Tuesday, April 01, 2008

Mad monks and a flat earth

'Can you imagine Julie Andrews in The Sound of Music staying with the Captain if the romance went out of their marriage? Would she not divorce him and grab his children to be her toys? All the elements of pornography are there...'

'The Sound of Music is an immoral film because it puts friendliness and fun in the place of authority'.

I report these sayings of Bishop Richard Williamson because he has recently hit the news by claiming that the Protocols of the Elders of Zion, a notorious anti-Semitic forgery that enjoys widespread currency in neo-Nazi circles, is authentic.

The dateline in The Catholic Herald is April 1st, so make of it what you will, but according to reports Richard Williamson who was an Anglican who defected to Archbishop Lefevre's Society of St Pius X where he was ordained a bishop in defiance of the Pope is currently ministering in Argentina to extreme right wing groups. He is widely regarded as the "Borat" of the Catholic Church.

I came across the Protocols of the Elders of Zion again yesterday while I was reading Serendipidies by Umberto Eco. Eco's books are erudite but hard to read. His most famous book is The Name of the Rose, a tribute to Sherlock Holmes set in the Middle Ages, but the other volumes of his that I have on my shelves have remained half read.

Serendipities is a series of essays, the first of which discusses among other things the idea that the Christian Church once believed that the earth was flat. It was a charge leveled at the church in the Darwin versus religion debate of the nineteenth century. It is claimed that Columbus was opposed by the clergy because they thought he would sail over the edge of the world as in Terry Pratchett's Discworld. Just like the Protocols of the Elders of Zion, the flat earth theory is a nonsense. That the world was spherical was known to the Ancient Greeks like Pythagoras and Euclid and certainly to the Church Fathers like Origen and Augustine,. Thomas Aquinas is very clear about it. There was a monk in the 4th century who believed the world was shaped like the Tabernacle of the Pentateuch, but no-one took any notice of him until he was translated into English by the Darwinists for a debating point.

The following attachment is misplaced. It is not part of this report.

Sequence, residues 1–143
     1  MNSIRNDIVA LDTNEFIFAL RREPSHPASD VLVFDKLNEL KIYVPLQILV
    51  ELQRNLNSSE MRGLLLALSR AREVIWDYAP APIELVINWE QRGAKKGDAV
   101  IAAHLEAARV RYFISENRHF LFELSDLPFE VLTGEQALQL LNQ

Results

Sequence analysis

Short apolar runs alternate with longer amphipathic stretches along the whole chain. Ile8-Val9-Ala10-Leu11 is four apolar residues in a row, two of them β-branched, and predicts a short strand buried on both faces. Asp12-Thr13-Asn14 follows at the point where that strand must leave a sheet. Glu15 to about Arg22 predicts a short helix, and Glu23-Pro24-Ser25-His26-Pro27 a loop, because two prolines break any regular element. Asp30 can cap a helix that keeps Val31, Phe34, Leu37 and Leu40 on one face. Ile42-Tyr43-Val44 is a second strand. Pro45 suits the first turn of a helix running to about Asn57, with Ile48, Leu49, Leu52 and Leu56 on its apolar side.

As Richard Williamson demonstrates, you can always find a mad clergyman.


Anonymous said...

I note that, sadly, Mr. Pratchett has early-onset Alzheimer's disease, and has donated to help find a cure, no doubt after it is too late to help himself.

I've never read any of his stories, but I have heard of 'Discworld'. How odd that fictitious place is flat.

Antisemitism has never gone away and has rich, powerful 'friends' in the oil-rich Moslem community. I fear Israel will indeed be 'wiped off the map' by the Iranians if not someone else.

Terry Hamblin said...

I'm not sure that it is Alzheimer's. It may be multiple mini-stroke dementia. Pratchett has been called the modern PG Wodehouse. His books are very funny and are pointed views of present day foibles.

Anonymous said...

Perhaps it is multiple-stroke dementia. He is quoted as saying he has donated 500,000 pounds for Alzheimer's research.

Here's one copy of the story which probably came from the news services, since I've seen the same story multiple places.

Terry Pratchett Fights Own Disease
MaryEllen Fillo

March 17, 2008

British novelist Terry Pratchett said Thursday he will donate $1 million to fund research into Alzheimer's disease, the incurable illness he was diagnosed with last year.

The best-selling fantasy writer ("Discworld") revealed in December that he has early-onset Alzheimer's, a rare form of the disease that strikes before age 65.

Pratchett, 59, said the donation would go to the Alzheimer's Research Trust, a British charity.

"There's nearly as many of us as there are cancer sufferers, and it looks as if the number of people with the disease will double within a generation," the writer told the charity's annual conference.

The only 'world' series I've gotten into was 'Ringworld' by Larry Niven, I think. Of course, there are other 'world' stories, mainly fantasy (LOTR, a host of others), but the two with the title of 'world' in them were Discworld and Ringworld.

Niven has the reputation of writing 'hard' science fiction, much like Arthur C. Clarke, who recently passed away.